We are not too busy, we are not too big. We are not too knowledgeable or too sure of ourselves – we are only afraid. Everyman has a great capacity for love – to love his neighbours and every one he comes across. He also has a great capacity to want to share that love – but fear will not let him – for fear breeds suspicion, breeds doubt – two enemies that makes a man unsure of himself and his neighbours. Caught between these two foes he attempts to gain control over his predicament by boxing himself in with a set of instructions as terms upon which to live his life. These instructions after long use become entrenched as traditions.

So many, many, many, years ago there was a crisis in the lands (lets say famine). And men in their fear were looking for answers which were not forth coming. Their crops were dying – they were not far off themselves. In their fear they sought foranswers desperately. The gods must be angry, they concluded – the oracle man confirms their fears.

Atonement must be made!

They would need victims – human victims. But they cannot shed the blood of a clansman (because tradition says the earth forbids it) so they decided to dedicate the victims to the gods to appease them. Over time in order to preserve the originality of those dedicated they came up with rules that none should marry them except themselves.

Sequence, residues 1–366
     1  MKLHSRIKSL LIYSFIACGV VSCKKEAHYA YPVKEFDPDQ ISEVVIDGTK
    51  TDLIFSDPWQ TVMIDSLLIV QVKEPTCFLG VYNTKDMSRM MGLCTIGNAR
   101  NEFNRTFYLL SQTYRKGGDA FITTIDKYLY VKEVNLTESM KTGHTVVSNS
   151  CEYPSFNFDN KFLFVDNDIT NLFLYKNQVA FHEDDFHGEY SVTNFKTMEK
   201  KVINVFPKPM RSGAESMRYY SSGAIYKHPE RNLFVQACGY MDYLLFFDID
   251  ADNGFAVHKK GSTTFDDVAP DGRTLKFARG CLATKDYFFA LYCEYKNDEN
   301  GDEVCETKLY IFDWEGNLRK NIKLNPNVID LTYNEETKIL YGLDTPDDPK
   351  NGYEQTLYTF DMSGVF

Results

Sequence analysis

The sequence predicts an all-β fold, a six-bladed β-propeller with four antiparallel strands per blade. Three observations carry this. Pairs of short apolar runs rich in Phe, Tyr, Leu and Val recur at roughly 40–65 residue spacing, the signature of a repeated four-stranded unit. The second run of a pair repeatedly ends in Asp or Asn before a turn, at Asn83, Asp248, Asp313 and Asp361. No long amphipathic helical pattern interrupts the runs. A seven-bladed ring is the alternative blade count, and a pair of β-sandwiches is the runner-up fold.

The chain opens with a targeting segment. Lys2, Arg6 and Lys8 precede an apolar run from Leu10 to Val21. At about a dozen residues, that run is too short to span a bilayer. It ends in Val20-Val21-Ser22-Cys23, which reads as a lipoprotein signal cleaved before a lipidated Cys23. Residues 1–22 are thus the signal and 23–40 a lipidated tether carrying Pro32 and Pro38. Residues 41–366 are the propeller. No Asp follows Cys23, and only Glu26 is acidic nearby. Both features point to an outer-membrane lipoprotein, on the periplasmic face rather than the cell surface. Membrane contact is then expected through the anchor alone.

But they are aware that marriage could more easily arise if other associations were maintained, so they made the rules more stringent – do not marry them, do not eat with them, do not trade with them.

They became outcasts. They became Osu.

All because it did not rain.

And many years later I am to suffer the consequence of my ancestors fears.

The night races on. Soon the light of dawn will pierce this turbid darkness. Day would be reborn.

In the light of day nothing is hidden. For light is love.

And there is no fear in love.

Eyitemi Egwuenu
Eyitemi Egwuenu
Eyitemi Egwuenu was born in Benin City, Nigeria. He attended Edo College Benin, and graduated from The University of Benin, Nigeria, as a Medical Doctor in 1999. His poetry has been featured in A Melody Of Stones, An Anthology of Contemporary Nigeria Writing.


  1. You just spoke my mind. I don’t know if I’m permitted to call this a prose poetry. I read it all and it was just like a song. A song of sorrow on how dark our minds are especially in Africa.